RICHIE: That you have to throw yourself into it. I love that word, "fall" in love. If you're not falling in love, it means you let go. You have to let go. You can't control it. If you're not out of control and you know you're out of control when all of your friends will tell you, I wouldn't do that if I were you, and you go, I don't care. I don't care is the keyword to falling in love. And you don't really mind what people say.

MORGAN: How do you keep love alive? How do you do it in your marriage?

RICHIE: Well, mine's easy. All you have to do is have kids. And then I -- I celebrate the mother of my kids. So I'm a different kind of guy. Instead of celebrating the last three months that was the complete disaster of the marriage, I celebrate the time, what was it when it was special? You follow me? And then once you become the mother of the kids, you will always be on that pedestal forever.

So with me, I have a love affair with my family. And it took me 20 years for the first wife to speak to the second wife. And --


MORGAN: And do they get on now?

RICHIE: Oh, no, it's perfect. I mean it's actually quite unusual that we are a tribe now. You know, but I love it so much because our kids get to experience the family. The tribe.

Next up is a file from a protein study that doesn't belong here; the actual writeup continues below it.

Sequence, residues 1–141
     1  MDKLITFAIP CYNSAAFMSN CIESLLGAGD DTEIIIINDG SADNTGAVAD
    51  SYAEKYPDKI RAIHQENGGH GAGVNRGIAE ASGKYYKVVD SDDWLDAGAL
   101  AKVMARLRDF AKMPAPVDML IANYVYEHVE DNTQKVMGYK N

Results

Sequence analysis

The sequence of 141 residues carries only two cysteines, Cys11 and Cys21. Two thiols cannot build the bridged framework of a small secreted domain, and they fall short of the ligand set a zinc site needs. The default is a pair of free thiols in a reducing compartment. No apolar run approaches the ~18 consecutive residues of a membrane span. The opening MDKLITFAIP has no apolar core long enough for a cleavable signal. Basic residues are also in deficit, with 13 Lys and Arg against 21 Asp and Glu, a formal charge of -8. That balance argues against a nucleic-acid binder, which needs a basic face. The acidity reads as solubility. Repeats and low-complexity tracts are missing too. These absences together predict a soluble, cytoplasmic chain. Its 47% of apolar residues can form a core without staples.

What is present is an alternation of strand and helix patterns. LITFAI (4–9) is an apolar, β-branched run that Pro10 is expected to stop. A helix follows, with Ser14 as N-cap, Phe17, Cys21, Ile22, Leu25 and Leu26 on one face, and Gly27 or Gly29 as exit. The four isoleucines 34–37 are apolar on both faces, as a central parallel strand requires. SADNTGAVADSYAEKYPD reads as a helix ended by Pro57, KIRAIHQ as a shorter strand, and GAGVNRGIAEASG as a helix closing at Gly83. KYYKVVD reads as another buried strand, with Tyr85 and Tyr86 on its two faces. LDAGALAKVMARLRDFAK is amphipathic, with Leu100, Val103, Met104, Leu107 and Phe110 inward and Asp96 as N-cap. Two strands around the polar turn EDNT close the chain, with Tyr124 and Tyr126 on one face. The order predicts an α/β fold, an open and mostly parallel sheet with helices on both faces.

MORGAN: That's quite special.

RICHIE: Yes, I love it. I must tell you. It's great for them to see us all interact.

MORGAN: Do you sing at these little tribal meetings?

RICHIE: Absolutely not.


RICHIE: No. You know what it is? And I think you experience the same. We are superstars until we come home. And then I'm dad. And I love that. And now I --

MORGAN: Well, I'm not even a superstar before I go home, Lionel.

RICHIE: Well --

MORGAN: This is where you and I are going to have a slight different starting point.

RICHIE: Well, what I love most is that -- it's a grounder for me. I actually have kids that miss the Commodores. I actually have kids that miss the '80s. And now I have grandkids, they don't know who the heck I am at all. Which I'm loving the most. You know, I am pop-pop. I am pop-pop. When pop-pop comes in the room, we have children.

MORGAN: I love this. Let's take another break. Let's come back and talk about Whitney. I want to get to Whitney and see what you felt about the report that came out recently. And I also want to talk to you about the sculpture in the "Hello" video.

RICHIE: My god.

MORGAN: I'm told there's a shocking tale.

RICHIE: The shocking tale.

MORGAN: To be revealed.


MORGAN: Let's hear it after the break.


MORGAN: Hello. I am back -- that was terrible.


MORGAN: That was terrible. I should stick to "Penny Lover." You are sweating. You've never revealed that first love story.

RICHIE: No. First of all --

MORGAN: You've been panicking the whole break.

RICHIE: I was doing fine until you said, and who are they? And I got never revealed that. That's preschool. These are preschool days, do you understand? The whole town of Tuskegee right now is making phone calls.

MORGAN: I've got a great tweet here. Watching Lionel Richie. What charisma. Fascinating dude. Love his funky stuff. Not into the ballads.